Recent genetic analysis of the largest collection of Bd isolates from around the globe (because Bd is now found in all continents) shows that Bd is older, definitively (much) older than mass amphibian population crashes, and has a complex population structure. What does this tell us? Many things in fact, but the fact I find most relevant to conservation is that Bd may have been exerting selective pressure on a number of amphibian species, possibly for a long time. Exerting a selective pressure means, in genetic terms, that individuals with certain alleles had a greater survival than individuals that had not. In population terms it means that populations might had quite severe reductions, followed by rebounds when individuals carrying the selected for alleles became the norm in the population. It also means that naive populations (that is, populations that have not yet encountered Bd) will undergo a strong selection that will either select for infection resistance (if the necessary genetic variation is present). Alternatively these naive populations will have a great risk of going extinct. We know in fact that Bd is causing mass mortalities of many amphibian species around the globe, and we know that a number of these species just disappeared. We know next to nothing about the genetics of amphibians, so there is no way we can understand what is happening, in genetic terms, on the host side of the equation.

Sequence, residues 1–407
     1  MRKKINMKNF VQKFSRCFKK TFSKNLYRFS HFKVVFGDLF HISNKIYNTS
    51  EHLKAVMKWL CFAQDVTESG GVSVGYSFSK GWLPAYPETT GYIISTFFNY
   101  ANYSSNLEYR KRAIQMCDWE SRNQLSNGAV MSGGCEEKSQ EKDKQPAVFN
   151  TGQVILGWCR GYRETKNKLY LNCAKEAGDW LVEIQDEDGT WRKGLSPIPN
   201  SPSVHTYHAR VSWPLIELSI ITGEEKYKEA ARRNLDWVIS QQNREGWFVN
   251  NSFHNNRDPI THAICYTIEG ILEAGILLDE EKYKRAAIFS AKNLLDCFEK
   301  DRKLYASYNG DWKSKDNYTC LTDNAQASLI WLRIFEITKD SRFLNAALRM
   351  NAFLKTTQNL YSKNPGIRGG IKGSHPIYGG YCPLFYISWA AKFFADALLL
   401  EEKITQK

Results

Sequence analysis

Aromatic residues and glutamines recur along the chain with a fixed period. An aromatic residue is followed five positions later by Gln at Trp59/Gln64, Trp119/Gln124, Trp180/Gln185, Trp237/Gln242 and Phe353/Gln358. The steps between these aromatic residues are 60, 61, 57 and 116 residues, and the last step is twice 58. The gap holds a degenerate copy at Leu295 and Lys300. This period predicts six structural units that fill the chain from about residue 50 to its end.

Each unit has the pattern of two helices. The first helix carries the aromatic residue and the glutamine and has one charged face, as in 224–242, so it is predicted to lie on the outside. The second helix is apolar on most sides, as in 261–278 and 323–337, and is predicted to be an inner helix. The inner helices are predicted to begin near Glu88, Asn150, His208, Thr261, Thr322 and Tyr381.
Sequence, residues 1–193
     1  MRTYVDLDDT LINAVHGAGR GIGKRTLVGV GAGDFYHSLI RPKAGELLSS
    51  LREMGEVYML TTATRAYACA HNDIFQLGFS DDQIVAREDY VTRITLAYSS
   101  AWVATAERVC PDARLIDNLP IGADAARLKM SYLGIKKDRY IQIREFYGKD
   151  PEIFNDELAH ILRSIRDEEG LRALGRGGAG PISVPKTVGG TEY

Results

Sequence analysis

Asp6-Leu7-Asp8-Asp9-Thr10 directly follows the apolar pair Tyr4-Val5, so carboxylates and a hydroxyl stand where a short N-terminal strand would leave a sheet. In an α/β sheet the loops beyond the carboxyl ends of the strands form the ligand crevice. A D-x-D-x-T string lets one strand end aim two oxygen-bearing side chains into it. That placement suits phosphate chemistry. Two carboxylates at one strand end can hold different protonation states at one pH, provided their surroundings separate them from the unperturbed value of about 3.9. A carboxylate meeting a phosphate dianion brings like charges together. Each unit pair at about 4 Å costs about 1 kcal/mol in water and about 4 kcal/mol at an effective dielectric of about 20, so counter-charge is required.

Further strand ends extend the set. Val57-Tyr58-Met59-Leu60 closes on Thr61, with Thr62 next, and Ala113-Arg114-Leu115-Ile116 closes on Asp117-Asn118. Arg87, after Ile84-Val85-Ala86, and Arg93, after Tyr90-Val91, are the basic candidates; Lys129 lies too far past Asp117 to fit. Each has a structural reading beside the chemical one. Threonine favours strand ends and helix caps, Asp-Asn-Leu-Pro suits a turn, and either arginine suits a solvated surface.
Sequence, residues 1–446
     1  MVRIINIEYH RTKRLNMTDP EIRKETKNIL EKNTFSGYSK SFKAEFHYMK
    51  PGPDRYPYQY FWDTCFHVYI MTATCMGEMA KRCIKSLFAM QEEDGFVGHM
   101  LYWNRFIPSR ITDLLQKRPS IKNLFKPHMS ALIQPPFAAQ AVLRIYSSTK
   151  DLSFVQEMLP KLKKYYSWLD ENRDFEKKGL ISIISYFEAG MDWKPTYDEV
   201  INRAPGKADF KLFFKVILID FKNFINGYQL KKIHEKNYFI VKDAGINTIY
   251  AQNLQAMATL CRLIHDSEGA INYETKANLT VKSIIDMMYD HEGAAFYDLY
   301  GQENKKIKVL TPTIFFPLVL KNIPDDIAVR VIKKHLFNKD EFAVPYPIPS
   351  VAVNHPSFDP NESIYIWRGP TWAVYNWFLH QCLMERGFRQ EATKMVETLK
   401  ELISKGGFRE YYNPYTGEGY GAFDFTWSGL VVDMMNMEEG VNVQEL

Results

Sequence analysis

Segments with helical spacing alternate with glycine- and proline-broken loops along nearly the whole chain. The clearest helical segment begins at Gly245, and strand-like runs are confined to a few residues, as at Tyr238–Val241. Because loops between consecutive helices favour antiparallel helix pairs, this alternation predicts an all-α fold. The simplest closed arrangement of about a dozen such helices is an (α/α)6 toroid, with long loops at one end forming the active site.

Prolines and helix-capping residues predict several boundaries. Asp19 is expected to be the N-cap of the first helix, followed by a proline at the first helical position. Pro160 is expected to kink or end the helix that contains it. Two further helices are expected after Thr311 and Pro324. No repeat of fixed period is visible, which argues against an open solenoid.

The observations above give me a strong 'take home message': unless we start to work in earnest on amphibian genetics and genomics, all the work done on Bd will not be enough to stop and revert amphibian populations declines. Because virulence is a property of the host/parasite interaction, we must be able to understand *both* Bd and amphibian population genetic structure to properly understand the potential virulence of each Bd/amphibian interaction. This understanding is necessary to model population crash dynamics in the wild, and to have a hope to rescue amphibian populations in the first place. Only genetic tools will allow us to test the hypothesis that Bd has been a selective force for some amphibian species for thousands of years, and only genetic tools will allow us to understand the genetics of adaptation to such selective pressure.
All the above is, in practice, a lot of work, expensive, time consuming. With the world economy circling around the drain, governments are brutally cutting research funds for biology and conservation. This is too bad, for so many reasons, and because we are running out of time to save many amphibian species. Amphibian genetics is a prefect case of basic research with a direct, clearly identifiable goal that will have potential benefit for the taxpayer. If the urgency of this issue and the obvious potential benefits of tackling it are not enough to get people to invest on amphibian genetics now, all I can say is that we might as well have frog legs for dinner.